Colorful buildings along a canal lined with docked sailboats on a sunny day.
Copenhagen, Denmark

There’s a waterfront spot in Copenhagen where trampolines are built into the sidewalk—not even joking—so if that’s not a reason to amble through the city’s pedestrian-friendly streets, idk what is. Pop into the magical Tivoli Gardens, stop to get a Danish pastry, chill with the Little Mermaid, etc. And watch out for the street names! They can change halfway through without warning but hey, that’s the beauty of being on foot.

Colorful buildings with decorate iron balconies and awnings on a sunny day.
Buenos Aires, Argentina

In Argentina’s colorful capital it wouldn’t be weird at all to encounter couples dancing the tango in the streets, with its European-inspired architecture and the warm scents of coffee and medialunas wafting out of the cafes. Buenos Aires is made up of 48 vibrant neighborhoods, or barrios, and there are free guided walking tours offered every day of the week.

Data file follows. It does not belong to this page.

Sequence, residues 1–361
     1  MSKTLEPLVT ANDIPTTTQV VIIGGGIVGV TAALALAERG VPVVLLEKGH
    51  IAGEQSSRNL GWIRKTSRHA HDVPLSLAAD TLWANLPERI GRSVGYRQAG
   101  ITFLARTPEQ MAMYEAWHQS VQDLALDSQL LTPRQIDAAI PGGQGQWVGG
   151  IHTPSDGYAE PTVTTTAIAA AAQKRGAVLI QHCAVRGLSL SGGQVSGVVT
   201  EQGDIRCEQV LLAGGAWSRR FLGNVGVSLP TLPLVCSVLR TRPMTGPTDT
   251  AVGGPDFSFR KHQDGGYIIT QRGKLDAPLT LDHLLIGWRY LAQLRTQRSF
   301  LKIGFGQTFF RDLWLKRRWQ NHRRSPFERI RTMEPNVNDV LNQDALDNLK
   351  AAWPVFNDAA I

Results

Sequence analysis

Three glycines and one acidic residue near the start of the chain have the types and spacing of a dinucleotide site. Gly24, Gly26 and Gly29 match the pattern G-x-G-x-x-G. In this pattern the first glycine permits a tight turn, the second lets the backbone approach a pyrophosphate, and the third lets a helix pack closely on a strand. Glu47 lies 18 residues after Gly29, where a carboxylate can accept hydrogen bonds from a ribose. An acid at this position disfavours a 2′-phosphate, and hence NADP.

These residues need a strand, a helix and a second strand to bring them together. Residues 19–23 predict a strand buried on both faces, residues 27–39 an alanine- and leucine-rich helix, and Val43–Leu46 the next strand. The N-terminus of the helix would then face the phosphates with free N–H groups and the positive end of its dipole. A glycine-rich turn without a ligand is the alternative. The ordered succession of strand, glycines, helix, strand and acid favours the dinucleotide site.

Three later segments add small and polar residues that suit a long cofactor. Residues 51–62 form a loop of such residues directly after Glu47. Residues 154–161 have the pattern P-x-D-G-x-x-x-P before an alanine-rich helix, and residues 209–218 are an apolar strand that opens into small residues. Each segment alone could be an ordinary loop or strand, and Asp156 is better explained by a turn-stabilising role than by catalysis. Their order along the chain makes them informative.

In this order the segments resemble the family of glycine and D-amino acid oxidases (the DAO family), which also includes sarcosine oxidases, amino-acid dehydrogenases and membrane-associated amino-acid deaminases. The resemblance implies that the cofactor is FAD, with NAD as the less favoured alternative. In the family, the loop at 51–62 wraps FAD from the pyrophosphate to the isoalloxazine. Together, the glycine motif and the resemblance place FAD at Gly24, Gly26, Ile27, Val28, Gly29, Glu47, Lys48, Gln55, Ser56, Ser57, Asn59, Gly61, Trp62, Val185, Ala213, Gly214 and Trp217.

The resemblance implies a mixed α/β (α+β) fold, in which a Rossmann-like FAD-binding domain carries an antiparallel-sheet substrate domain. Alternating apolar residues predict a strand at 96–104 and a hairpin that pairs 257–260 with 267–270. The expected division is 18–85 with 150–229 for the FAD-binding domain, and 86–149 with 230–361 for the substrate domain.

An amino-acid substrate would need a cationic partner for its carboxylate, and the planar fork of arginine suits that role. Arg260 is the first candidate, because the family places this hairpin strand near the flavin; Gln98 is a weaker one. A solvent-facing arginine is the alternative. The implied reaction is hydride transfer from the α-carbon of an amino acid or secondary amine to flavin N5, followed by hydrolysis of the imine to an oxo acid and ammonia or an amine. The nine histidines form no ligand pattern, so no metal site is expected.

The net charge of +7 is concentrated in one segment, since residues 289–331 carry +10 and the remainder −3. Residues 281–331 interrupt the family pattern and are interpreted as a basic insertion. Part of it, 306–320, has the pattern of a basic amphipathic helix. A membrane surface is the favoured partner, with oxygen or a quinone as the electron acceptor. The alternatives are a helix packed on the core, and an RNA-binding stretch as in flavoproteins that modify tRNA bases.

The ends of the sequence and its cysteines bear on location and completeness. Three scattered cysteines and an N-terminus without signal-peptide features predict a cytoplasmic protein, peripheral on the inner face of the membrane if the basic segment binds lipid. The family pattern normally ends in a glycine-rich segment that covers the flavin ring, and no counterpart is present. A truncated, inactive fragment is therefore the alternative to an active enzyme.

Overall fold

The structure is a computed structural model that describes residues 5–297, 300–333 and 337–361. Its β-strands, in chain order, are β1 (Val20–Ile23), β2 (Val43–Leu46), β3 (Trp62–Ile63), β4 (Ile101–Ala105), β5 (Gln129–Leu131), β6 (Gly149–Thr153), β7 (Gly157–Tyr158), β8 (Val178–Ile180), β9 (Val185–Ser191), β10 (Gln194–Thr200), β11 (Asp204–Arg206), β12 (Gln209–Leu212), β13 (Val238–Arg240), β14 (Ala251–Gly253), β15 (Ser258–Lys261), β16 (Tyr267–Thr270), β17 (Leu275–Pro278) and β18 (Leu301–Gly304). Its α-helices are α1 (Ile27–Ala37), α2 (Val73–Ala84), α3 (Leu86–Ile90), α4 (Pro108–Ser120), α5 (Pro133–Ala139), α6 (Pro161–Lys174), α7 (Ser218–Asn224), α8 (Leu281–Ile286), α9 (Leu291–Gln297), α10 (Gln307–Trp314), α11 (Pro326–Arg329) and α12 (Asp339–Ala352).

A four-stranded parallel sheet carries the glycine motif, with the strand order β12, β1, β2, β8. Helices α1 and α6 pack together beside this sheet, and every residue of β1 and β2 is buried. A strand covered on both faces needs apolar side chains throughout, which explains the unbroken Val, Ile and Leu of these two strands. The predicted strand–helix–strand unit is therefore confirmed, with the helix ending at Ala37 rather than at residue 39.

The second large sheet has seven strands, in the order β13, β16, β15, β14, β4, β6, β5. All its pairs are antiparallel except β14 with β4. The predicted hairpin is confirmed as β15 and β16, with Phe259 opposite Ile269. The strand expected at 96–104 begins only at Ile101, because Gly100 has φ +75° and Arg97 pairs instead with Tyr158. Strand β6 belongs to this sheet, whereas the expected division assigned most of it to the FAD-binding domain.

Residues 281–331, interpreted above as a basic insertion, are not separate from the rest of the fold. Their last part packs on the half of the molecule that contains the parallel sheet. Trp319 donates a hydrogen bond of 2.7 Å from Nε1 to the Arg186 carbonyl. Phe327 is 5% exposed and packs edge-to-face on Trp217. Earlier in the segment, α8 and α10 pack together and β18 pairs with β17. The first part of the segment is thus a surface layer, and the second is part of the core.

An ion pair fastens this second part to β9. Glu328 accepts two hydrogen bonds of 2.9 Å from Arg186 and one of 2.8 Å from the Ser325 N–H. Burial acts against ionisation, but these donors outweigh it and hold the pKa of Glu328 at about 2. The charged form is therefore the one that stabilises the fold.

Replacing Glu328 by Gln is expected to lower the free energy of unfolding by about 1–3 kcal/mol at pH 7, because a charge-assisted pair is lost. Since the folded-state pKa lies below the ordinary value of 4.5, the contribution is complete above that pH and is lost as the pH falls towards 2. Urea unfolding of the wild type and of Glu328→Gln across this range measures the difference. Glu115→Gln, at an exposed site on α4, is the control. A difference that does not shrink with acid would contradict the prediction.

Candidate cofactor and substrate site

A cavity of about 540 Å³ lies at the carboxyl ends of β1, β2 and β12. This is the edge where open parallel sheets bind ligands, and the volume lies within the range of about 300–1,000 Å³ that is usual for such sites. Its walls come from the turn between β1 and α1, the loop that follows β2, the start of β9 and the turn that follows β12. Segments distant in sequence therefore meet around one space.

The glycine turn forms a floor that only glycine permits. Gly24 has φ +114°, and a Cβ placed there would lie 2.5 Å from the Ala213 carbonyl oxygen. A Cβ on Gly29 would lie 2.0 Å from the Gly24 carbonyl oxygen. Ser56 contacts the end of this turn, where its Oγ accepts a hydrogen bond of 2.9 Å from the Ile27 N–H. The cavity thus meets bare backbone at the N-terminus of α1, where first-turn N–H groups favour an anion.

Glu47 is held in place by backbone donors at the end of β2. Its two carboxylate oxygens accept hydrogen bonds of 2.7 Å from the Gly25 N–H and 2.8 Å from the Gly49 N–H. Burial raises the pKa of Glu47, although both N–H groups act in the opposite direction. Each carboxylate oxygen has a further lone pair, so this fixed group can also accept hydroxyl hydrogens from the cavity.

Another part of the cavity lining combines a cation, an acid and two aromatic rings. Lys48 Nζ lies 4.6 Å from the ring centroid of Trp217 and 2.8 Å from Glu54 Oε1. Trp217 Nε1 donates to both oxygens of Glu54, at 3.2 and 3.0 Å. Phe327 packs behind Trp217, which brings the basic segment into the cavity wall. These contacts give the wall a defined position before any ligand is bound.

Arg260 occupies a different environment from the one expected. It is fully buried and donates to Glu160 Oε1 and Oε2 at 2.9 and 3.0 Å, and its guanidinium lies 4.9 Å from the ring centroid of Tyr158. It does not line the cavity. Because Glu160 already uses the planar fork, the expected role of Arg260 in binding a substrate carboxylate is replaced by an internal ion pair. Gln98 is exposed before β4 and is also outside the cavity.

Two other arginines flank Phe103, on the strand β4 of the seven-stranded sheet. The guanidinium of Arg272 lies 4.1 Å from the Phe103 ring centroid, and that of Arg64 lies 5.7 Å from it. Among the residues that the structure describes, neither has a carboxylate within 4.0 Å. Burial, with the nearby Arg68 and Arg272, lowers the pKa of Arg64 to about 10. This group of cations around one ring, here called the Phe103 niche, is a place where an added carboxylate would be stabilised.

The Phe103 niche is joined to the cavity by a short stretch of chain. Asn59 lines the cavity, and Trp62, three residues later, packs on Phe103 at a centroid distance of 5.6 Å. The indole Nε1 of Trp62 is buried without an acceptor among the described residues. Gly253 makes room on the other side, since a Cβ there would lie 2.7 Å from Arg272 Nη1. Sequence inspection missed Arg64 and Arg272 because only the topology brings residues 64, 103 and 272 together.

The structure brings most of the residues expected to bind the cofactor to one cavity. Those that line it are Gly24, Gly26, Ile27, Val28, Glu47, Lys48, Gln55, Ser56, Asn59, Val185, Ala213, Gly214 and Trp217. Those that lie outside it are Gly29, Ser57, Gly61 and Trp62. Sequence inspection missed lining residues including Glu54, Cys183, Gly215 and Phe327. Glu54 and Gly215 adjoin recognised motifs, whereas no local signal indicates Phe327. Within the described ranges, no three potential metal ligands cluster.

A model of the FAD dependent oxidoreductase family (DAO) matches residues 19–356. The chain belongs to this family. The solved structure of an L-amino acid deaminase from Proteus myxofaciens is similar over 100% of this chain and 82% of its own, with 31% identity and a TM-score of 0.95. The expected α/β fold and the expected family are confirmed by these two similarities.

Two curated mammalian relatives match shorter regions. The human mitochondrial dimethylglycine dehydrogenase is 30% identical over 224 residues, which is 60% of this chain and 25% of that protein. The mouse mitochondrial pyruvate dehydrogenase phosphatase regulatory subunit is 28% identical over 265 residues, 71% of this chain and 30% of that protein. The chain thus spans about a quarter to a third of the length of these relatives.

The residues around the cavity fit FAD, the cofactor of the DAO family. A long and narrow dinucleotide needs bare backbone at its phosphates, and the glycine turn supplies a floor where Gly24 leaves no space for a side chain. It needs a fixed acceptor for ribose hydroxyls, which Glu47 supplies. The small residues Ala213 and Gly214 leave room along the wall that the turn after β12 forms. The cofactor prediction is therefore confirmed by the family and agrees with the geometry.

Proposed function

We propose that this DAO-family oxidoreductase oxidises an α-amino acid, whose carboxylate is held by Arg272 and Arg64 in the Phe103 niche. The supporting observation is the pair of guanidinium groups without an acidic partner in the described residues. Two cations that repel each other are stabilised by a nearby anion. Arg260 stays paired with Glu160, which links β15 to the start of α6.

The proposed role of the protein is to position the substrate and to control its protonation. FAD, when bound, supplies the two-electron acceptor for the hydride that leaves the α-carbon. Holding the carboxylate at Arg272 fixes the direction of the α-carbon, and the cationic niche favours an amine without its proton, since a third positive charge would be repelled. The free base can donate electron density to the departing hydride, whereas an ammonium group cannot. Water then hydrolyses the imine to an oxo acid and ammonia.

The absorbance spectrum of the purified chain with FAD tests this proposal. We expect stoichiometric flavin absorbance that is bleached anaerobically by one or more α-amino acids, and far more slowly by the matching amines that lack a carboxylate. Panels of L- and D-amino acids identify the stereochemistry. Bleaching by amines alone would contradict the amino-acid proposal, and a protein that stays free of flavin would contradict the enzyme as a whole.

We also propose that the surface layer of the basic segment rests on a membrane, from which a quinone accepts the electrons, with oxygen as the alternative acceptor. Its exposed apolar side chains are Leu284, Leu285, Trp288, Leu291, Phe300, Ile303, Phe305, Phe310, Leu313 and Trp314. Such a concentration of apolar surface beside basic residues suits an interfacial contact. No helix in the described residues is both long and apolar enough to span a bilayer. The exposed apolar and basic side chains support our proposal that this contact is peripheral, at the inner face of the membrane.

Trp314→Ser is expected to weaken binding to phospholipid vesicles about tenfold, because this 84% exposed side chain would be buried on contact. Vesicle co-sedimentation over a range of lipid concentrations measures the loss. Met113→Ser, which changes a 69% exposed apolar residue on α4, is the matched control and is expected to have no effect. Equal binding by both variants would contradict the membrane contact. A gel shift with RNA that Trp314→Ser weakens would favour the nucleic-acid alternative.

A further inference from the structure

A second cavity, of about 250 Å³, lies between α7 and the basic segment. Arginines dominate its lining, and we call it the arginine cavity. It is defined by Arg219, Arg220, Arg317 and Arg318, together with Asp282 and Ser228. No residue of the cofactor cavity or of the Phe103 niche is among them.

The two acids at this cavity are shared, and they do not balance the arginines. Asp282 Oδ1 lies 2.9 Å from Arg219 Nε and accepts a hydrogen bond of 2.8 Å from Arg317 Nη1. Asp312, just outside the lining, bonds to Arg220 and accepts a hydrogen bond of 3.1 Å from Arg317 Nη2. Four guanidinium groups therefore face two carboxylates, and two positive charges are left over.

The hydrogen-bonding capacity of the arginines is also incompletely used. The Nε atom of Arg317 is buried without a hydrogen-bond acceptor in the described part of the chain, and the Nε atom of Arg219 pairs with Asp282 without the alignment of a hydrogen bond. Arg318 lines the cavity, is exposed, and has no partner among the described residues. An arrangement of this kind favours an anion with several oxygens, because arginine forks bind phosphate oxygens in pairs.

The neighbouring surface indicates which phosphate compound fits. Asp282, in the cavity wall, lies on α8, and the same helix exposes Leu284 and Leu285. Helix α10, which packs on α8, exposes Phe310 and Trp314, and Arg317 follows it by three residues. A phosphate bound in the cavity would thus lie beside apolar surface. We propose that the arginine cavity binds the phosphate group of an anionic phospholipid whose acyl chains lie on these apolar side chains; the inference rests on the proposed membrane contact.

This is just the beginning of amazing cities where you can get your urban hike on. There’s Ediburgh, Munich, Tokyo, Amsterdam, Marrakech, the list just keeps going. You never know what can happen when you explore a city on foot—the day (and your feet) can take you anywhere.

About the Author

Emma Lifvergren is a writer at EF Ultimate Break by day and a food enthusiast, bookworm, and cat mom to Ruby the rest of the time. Emma has been to 16 countries, including a semester in Paris while attending UMass Amherst, where she graduated with a degree in journalism. She once walked around Vienna for 15 straight hours in uncomfortable boots and then traveled to Prague, where she limped through the rest of the trip like a champ (worth it).